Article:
Sonic Free Riders: Kinect Xbox 360 Kinect
Xbox 360 Kinect
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Sonic Free Riders: Kinect Product Details
Released on 10/11/2010
For the first time ever in a SEGA game, full-motion body control will allow you to twist and turn your way through a range of visually stunning courses in an action-packed Sonic experience unlike any other! Kinect?s unique motion sensor means Sonic Free Riders will see family and friends controlling their fully customisable hover board or bike by twisting, turning and jumping in an exhilarating race to be the first to cross the finish line! Choosing from one of your favorite Sonic characters, or your own Avatar, you can reach out and grab a variety of pickups along the course. By throwing, shaking, or swinging your arms to launch your items, you can gain the competitive edge over your rivals in high octane single or multiplayer races.
Formerly known as Project Natal, Kinect has been a bit of a mystery to us here at Game. But Microsoft put a stop to that today by allowing us to get hands-on (so to speak).
The basics of Kinect are that it will let you play and navigate with out the need of a controller. Instead of slouching in a cheer you'll need to get up and active in order to play.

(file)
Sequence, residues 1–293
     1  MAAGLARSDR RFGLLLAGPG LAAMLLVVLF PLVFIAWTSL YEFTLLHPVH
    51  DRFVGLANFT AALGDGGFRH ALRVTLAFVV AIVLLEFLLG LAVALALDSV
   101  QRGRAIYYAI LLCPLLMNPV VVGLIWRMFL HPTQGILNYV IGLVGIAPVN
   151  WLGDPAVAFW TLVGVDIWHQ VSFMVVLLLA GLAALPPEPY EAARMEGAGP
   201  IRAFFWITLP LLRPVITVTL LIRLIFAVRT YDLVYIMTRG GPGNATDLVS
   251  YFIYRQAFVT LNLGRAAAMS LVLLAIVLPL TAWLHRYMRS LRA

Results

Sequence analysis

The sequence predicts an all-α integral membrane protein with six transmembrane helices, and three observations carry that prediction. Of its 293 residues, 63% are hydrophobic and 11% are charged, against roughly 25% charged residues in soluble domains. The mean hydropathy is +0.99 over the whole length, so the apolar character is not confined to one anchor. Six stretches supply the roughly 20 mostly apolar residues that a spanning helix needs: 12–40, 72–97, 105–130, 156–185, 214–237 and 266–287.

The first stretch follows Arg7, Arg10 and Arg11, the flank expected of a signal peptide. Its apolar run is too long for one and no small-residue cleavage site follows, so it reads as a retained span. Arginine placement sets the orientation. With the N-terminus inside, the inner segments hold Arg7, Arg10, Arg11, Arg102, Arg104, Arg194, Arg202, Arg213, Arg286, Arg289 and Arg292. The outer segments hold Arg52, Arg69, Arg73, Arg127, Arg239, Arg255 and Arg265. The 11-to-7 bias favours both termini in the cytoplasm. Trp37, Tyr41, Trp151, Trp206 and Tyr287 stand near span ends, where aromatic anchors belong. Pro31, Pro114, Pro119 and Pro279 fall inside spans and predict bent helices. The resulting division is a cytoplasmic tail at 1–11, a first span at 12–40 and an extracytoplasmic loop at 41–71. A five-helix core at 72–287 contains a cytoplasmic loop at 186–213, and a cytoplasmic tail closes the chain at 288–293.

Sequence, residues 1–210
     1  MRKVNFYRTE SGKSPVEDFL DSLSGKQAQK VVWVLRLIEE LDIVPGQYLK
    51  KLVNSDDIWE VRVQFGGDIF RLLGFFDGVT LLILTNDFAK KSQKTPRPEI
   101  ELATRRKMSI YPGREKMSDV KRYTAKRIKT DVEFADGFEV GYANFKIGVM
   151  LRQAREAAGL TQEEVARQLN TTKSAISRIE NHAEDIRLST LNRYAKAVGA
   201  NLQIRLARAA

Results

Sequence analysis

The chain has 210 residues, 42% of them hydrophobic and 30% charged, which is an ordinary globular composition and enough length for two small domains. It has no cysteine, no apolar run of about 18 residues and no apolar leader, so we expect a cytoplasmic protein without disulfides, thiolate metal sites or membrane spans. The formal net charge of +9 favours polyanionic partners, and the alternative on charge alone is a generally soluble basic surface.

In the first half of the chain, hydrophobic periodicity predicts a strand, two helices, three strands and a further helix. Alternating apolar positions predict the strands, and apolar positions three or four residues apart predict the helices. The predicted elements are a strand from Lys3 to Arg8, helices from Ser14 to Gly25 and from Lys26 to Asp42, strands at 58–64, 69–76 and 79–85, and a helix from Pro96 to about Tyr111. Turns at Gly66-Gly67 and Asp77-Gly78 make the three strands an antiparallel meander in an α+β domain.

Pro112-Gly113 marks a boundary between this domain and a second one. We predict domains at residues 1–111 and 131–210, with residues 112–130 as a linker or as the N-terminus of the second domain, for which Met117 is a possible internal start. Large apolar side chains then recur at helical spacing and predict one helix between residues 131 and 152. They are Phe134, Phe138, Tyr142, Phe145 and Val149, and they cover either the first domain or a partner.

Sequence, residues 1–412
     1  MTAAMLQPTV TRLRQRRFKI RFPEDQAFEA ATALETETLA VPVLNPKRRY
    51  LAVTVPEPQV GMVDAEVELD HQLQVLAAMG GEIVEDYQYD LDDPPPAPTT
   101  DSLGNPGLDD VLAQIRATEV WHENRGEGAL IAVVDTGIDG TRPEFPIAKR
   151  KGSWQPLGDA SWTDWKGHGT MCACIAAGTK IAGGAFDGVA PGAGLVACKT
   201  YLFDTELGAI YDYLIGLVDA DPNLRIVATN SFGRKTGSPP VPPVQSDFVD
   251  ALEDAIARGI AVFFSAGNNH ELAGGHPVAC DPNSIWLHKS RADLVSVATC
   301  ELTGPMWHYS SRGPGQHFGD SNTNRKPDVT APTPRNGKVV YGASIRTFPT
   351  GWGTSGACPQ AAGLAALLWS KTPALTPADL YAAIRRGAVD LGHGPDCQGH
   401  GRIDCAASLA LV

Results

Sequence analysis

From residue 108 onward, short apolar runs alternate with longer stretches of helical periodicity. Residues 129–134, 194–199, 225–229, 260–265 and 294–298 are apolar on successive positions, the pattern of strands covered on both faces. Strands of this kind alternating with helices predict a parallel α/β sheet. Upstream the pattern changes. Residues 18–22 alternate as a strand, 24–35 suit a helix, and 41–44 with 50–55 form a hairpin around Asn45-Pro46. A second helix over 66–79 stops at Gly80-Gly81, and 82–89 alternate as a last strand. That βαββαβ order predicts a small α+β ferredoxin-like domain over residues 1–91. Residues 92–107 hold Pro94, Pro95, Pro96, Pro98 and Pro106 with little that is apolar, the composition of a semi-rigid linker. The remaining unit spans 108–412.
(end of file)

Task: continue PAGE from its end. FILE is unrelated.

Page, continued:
My Kinect playfest began with Joyride, a fun little driving game using your Xbox Avatar as the driver. To steer your car you hold your hands in the 10-2 position and steer like you would in a car (a bit like Mario Kart Wii, without the wheel!). You won't need to worry about accelerating as this is automatic, but you can boost by simply thrusting your hands forward and to send your car shooting into the screen.
Drifting is also in Joyride, and just like steering it's easy. Just lean into the turn with your body whilst steering with your hands and your car will start to slide around the corner. There are also jumps to hit and whilst in the air by you'll be able to pull of some pretty awesome tricks with simple hand gestures.
Next up was Kinect Adventures, which boasts several minigames that let youyou're your body to control the on-screen action.
First up was the river rapids game, which saw me and my colleague, Chris, stood side-by-side as we navigated a perilous rapid river in a little rubber dingy. It's crucial to point out at this point that if you are playing cooperatively on Kinect Adventures, communication is key.
To begin with we stepped independently and jumped at different times, which got us around some of the obstacles in our way but by the smallest of margins. It wasn't until we started yelling "LEFT" "RIGHT" and "JUMP" that we started to make good progress in missing obstacles and gaining greater height by jumping at the same time.